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In today's artistic environment , the artist of today is engaged in a tremendous individualistic struggle. A struggle to discover and to assert and to express himself. To gain access to such collaboration, social contact among artists is needed. Many of the artists of the past have either worked together or have met regularly. They may have shared or acknowledged common aesthetics commitments and beliefs and have striven to exhibit together. They might have shared similar style and/or subject matter, similarities not necessarily recognized by the artists themselves. Third, ideological congruences may be the grounds of a perceived unity, even if those congruences are largely a matter of what the artists agreed on opposing (an academy for instance, or a prevailing set of beliefs and theories).
Excerpt from Re-framing Abstract Expressionism
Subjectivity and Painting in the 1940s by Michael Leja

Something to think about and to pursue....
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Old 12-09-2006, 09:07 AM   #5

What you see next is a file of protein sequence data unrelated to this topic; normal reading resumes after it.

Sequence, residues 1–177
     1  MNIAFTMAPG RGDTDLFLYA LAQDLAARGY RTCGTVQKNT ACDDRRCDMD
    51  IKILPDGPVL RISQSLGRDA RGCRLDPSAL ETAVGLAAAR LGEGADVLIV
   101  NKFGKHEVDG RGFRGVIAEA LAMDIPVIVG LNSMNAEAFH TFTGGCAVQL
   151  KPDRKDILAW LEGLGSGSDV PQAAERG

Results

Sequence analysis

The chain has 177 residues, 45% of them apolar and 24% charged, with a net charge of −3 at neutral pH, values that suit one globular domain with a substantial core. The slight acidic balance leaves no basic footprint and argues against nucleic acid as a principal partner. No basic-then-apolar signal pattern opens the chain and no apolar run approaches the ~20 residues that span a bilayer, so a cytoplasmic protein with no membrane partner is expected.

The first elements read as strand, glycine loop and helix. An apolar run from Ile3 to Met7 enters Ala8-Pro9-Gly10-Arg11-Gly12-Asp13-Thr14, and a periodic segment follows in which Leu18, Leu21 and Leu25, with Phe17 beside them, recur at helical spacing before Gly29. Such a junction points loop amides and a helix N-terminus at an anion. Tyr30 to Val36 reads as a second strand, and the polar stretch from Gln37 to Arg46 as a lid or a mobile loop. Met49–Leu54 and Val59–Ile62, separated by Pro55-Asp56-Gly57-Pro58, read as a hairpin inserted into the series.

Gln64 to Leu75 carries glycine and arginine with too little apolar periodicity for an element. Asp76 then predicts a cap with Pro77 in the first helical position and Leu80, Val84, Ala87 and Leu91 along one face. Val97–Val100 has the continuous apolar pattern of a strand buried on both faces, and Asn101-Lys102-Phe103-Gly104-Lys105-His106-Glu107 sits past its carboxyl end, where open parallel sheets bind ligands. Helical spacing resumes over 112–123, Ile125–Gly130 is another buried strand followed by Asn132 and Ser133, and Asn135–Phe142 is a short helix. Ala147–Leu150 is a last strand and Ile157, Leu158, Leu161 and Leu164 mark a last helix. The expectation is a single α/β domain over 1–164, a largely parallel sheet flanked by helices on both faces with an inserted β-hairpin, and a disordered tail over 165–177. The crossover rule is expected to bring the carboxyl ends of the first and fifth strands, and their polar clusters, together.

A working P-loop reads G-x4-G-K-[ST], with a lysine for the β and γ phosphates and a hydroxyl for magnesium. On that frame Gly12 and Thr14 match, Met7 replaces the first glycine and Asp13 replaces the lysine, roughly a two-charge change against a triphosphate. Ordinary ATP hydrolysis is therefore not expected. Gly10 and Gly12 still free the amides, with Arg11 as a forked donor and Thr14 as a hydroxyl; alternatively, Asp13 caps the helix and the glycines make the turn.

Mike McCarty Mike McCarty is offline
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Enzie,

I've not done a fellow artist. I think that would have it's own particular set of challenges knowing that the subject was capable of critique.

Here are a few artists painted by Everett Raymond Kinstler:

Wm. Draper 2002
Peter Cox 54 x 60 1983
Chin Chi double
Paul Resika

And these are just the painters, he has done many famous actors which you can see on his web site:

http://www.everettraymondkinstler.com/index.html
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Old 12-13-2006, 01:29 PM   #6
Enzie Shahmiri Enzie Shahmiri is offline
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These are nice Mike.

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I think that would have it's own particular set of challenges knowing that the subject was capable of critique.
You are absolutely right, that's probably why most artist stick to painting friends and relatives over fellow artists, unless of course they have years of experience behind them. It is interesting to see though, that the generations before us, did not shy away from this intimidating task for some of the various reasons I have listed before.